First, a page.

• Married taxpayers count as single for tax purposes if they haven’t lived in the same home as their spouse for at least the last six months of the year.
  • You must have paid more than half of the cost of having a home for yourself and your qualifying children or other qualifying dependents. This may include children, grandchildren, stepchildren, nieces and nephews, or younger siblings under 19 (24 if a full-time student) who live with you for over half the year. Dependents can also include adults supported by you, such as your parents and adult children.
    • If you maintain a home for your dependent parent, you might qualify to use the head of household filing status even if your parent doesn’t live with you.

Divorced taxpayers who don’t qualify to use the head of household status should file as single. Learn more about filing taxes after a divorce.

5. Qualifying Widow(er) with a Dependent Child

Just as with filing Head of Household, filing as a Qualifying Widow or Widower with a Dependent Child has specific requirements.

For up to two years after a spouse’s death, the widow(er) can continue to use the Married Filing Jointly tax rate by filing as a Qualified Widow(er) with a Dependent Child. If you remarry, you can’t claim this filing status anymore.

Filing statuses can get complicated

No, “It’s complicated” isn’t a filing status, but certain big life changes can make it hard to determine your correct tax filing status. In fact, some people find themselves eligible for more than one status. In this case, you can choose the filing status that allows you to owe the least amount of tax.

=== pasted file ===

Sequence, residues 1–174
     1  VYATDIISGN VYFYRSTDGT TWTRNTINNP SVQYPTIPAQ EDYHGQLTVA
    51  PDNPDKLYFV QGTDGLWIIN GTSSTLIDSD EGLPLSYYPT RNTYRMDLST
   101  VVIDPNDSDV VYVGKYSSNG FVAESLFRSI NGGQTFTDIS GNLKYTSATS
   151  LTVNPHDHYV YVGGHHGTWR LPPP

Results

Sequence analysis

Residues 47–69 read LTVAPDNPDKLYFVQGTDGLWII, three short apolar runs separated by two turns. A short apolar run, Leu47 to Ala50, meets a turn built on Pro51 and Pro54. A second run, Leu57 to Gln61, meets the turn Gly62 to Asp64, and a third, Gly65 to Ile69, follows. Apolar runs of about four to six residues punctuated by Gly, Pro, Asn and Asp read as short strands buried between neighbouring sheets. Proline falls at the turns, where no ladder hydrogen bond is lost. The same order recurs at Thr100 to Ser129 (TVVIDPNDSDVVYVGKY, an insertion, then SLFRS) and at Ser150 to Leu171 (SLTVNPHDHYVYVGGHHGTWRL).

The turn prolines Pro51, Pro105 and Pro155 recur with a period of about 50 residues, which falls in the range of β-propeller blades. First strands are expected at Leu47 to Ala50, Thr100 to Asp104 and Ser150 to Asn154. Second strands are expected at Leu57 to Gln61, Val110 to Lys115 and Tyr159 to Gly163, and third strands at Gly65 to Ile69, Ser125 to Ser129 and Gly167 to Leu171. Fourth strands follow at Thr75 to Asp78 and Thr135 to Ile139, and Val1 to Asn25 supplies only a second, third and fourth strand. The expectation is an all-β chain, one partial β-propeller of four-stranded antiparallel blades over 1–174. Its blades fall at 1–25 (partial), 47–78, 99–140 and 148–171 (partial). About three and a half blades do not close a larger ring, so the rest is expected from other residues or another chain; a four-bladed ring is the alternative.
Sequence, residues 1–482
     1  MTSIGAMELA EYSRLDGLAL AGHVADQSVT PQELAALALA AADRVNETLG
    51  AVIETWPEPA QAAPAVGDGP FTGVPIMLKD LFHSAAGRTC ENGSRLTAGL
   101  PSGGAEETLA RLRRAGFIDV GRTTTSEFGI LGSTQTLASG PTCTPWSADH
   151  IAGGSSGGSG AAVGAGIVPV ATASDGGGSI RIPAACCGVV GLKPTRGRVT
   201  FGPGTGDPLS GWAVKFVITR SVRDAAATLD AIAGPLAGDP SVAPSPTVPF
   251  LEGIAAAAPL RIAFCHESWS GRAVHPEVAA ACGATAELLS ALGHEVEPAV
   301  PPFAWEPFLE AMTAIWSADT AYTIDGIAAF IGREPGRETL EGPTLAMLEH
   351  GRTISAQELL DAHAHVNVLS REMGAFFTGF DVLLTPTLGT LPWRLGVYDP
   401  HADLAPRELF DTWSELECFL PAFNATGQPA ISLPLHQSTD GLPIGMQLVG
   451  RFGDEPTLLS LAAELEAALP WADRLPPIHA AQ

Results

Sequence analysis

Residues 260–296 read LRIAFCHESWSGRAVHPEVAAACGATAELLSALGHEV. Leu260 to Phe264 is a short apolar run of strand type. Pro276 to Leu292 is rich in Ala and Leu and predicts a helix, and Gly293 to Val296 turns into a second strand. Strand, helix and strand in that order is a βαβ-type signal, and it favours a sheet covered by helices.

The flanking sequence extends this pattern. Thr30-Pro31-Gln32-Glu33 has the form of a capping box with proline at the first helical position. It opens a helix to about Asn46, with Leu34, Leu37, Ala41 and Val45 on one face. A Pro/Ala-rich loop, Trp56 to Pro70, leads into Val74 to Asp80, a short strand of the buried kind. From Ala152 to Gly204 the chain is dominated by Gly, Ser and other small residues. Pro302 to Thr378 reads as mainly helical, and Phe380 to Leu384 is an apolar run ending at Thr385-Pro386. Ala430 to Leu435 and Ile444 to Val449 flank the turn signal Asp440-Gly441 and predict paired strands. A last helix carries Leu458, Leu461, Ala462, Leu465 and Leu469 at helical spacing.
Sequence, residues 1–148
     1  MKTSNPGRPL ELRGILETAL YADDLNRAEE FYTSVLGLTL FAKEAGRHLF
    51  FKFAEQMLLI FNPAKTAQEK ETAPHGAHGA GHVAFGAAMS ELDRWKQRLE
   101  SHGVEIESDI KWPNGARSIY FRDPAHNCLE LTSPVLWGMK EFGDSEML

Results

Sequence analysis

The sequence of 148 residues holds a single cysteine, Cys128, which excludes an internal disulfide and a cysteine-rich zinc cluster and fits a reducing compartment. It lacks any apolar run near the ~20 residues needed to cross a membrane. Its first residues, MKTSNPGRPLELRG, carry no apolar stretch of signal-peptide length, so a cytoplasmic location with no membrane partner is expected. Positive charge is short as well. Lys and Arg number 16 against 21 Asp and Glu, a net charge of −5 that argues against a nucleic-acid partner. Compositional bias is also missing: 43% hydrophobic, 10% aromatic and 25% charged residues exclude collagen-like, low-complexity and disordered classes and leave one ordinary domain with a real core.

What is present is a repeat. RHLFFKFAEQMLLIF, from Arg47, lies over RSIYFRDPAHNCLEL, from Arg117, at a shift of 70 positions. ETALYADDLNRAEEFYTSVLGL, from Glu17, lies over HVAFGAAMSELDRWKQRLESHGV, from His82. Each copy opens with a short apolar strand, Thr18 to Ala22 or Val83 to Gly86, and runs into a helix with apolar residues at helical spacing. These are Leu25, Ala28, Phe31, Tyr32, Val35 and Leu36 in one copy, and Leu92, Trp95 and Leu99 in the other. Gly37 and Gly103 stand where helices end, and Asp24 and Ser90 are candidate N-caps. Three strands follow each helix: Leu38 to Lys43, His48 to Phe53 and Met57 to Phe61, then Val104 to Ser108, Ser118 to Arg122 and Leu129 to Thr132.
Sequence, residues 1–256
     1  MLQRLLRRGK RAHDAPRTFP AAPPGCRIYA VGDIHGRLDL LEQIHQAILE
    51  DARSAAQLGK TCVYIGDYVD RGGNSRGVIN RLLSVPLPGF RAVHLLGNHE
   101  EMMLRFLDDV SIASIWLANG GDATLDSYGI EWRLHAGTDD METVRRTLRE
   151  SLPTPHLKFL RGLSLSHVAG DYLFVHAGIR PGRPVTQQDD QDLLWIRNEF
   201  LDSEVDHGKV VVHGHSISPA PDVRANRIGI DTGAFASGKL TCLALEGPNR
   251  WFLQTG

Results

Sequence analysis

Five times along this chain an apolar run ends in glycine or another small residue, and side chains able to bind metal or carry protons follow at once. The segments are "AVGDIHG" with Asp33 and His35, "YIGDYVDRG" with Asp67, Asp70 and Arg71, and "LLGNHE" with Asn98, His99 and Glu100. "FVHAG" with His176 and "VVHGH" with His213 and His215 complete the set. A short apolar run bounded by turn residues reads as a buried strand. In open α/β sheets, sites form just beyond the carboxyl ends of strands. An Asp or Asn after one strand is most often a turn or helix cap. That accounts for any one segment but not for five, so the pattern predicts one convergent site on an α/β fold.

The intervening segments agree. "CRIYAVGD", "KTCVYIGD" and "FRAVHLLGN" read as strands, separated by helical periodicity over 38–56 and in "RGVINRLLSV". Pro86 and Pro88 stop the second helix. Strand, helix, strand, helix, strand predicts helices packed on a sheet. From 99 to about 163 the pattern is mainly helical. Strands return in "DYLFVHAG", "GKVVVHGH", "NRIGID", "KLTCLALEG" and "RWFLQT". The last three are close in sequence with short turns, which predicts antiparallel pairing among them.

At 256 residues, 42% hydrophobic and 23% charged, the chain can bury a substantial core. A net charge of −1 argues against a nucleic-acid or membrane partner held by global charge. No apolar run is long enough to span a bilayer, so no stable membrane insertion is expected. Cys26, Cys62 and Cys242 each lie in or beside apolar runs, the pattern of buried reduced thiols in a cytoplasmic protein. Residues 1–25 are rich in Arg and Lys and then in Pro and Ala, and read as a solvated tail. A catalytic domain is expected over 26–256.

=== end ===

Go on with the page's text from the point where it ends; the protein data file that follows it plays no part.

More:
• An example that could make you question your own filing status is determining whether your child is still your dependent as your child gets older.
  • Another example is divorce or separation. Depending on the specifics of their situation, parents who are in the process of divorcing or separated might be able to file under three filing statuses: married filing jointly, married filing separately, or head of household with a qualifying person.
  • A time you might qualify for multiple tax filing statuses is if you’re single with a child or other qualifying relative. In this case, you might be able to file as either single or head of household.

More tax filing requirement help

Guessing what your filing status is or assuming it’s the same as last year could cost you, especially if your marital status has changed.

The experts at H&R Block can look at your personal situation and help you decide on the filing status right for you. If you have any tax questions about your filing status, taxable income, tax credits and deductions, amended returns, tax identity theft concerns, or otherwise, connect with one of our tax pros to get the help you need.

And if you’d rather file taxes online, know you are still backed by our 100% accuracy and maximum refund guarantees.